People living with HIV on ART face increased risks of developing heart disease compared to people without HIV. Heart disease risk among people living with HIV is believed to relate to traditional heart disease risk factors (like high blood pressure, cigarette smoking), as well as to increased inflammation (which tends to be higher among individuals living with HIV).
This study examined factors associated with levels of two markers of inflammation (soluble CD14 and oxidized LDL) among people living with HIV participating in the REPRIEVE trial. REPRIEVE is a global clinical research study testing whether treatment with a statin medication helps prevent heart disease among people living with HIV. The study reports on 4,907 people living with HIV on ART who have no known heart disease. Their average age was 50 years old, 38% were female, and 48% were Black or African American.
Researchers found that female sex, white race (among people living in high-income regions), current use of NRTI+NNRTI ART, and residence in South Asia or Sub-Saharan Africa were associated with higher levels of soluble CD14, while higher body mass index (a measure of overweight/obesity) and current use of NRTI+INSTI ART regimens were associated with lower levels of soluble CD14. They found that male sex, residence in high-income regions, white race (among those in high-income regions), and higher body mass index were associated with higher levels of oxidized LDL. Among women specifically, being post-menopausal was associated with increased levels of soluble CD14 but not with increased levels of oxidized LDL.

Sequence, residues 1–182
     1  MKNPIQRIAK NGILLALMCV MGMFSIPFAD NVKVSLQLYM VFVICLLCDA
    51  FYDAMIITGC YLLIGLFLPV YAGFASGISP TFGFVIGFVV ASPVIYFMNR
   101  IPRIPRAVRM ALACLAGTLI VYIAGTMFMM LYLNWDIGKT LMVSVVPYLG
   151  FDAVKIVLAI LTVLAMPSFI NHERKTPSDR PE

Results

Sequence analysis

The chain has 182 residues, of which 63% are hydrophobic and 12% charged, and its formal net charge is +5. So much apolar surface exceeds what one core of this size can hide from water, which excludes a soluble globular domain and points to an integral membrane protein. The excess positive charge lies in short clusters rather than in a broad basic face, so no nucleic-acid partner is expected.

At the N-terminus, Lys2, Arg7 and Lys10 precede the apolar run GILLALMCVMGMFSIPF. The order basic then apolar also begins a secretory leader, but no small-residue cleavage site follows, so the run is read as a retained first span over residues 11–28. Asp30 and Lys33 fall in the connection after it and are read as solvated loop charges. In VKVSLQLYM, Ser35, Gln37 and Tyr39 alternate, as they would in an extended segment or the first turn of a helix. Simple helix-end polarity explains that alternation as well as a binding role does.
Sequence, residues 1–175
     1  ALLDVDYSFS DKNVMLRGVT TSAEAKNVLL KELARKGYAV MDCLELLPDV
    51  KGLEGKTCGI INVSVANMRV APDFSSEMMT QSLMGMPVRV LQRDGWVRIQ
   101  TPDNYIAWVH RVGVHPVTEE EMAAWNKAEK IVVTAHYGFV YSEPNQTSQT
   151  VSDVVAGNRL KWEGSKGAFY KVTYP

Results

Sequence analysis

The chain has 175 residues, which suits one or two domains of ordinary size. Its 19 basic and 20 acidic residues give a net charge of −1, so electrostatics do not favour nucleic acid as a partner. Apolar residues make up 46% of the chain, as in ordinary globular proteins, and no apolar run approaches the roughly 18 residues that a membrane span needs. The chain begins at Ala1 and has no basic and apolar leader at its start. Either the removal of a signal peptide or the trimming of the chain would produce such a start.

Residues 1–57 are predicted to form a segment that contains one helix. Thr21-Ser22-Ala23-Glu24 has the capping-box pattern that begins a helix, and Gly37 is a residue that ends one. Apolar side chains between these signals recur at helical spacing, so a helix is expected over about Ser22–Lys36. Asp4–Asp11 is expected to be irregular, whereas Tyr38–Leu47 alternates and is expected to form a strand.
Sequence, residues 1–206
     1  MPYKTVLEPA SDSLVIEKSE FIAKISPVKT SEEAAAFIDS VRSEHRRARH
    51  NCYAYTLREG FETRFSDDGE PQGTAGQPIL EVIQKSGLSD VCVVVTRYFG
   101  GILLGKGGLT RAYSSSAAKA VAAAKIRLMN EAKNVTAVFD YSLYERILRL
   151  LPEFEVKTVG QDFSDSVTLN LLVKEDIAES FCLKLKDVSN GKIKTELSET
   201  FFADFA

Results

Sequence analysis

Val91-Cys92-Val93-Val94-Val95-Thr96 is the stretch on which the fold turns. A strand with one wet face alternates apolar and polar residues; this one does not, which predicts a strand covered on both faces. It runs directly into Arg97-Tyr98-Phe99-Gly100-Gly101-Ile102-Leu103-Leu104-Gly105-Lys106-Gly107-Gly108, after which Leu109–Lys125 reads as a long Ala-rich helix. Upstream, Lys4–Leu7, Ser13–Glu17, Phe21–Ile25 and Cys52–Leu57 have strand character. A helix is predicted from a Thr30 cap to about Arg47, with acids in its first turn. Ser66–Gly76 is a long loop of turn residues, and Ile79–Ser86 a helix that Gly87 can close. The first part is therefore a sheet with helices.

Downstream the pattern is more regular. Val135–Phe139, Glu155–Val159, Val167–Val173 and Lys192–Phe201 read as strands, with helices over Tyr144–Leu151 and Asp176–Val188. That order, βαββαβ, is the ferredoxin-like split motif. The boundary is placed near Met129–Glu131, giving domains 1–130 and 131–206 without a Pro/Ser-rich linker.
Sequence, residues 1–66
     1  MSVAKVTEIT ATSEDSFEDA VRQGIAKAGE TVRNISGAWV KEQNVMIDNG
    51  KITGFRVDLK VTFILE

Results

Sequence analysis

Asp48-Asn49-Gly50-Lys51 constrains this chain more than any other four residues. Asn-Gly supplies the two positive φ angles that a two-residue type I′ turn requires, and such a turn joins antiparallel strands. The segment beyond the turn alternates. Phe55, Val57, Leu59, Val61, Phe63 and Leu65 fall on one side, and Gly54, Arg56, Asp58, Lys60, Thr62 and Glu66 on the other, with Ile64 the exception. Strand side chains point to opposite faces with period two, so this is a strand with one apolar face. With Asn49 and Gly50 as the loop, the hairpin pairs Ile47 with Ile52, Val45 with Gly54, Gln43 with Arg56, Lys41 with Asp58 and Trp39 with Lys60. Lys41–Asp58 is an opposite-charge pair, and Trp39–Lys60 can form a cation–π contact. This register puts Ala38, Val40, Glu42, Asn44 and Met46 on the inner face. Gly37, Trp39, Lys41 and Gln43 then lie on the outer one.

This study demonstrates that levels of different inflammatory markers are influenced in different ways by the same factors (for example, sex and body mass index). Recognizing this is important to anticipating that levels of markers may differ between women and men and that one single intervention may not affect all inflammatory markers the same way. Further, the fact that women’s reproductive aging (transitioning to menopause) relates to a key marker of inflammation may help explain, to some extent, a way in which menopause may increase women’s risk of heart disease. Future studies may increase understanding of the ways that medications (such as statins) and changes in behavior (such as a healthy diet) influence levels of inflammation markers and whether lowering levels of these key inflammation markers may help protect against heart disease among people living with HIV.
Sara E Looby, Amy Kantor, Tricia H Burdo, Judith S Currier, Carl J Fichtenbaum, Edgar T Overton, Judith A Aberg, Carlos D Malvestutto, Gerald S Bloomfield, Kristine M Erlandson, Michelle Cyespedes, Esper G Kallas, Mar Masiá, Alice C Thornton, Mandy D Smith, Jacqueline M Flynn, Emma M Kileel, Evelynne Fulda, Kathleen V Fitch, Michael T Lu, Pamela S Douglas, Steven K Grinspoon, Heather J Ribaudo , Markella V Zanni. Factors Associated With Systemic Immune Activation Indices in a Global Primary Cardiovascular Disease Prevention Cohort of People With Human Immunodeficiency Virus on Antiretroviral Therapy. Clin Infect Dis. 2022 Oct 12;75(8):1324-1333. doi: 10.1093/cid/ciac166.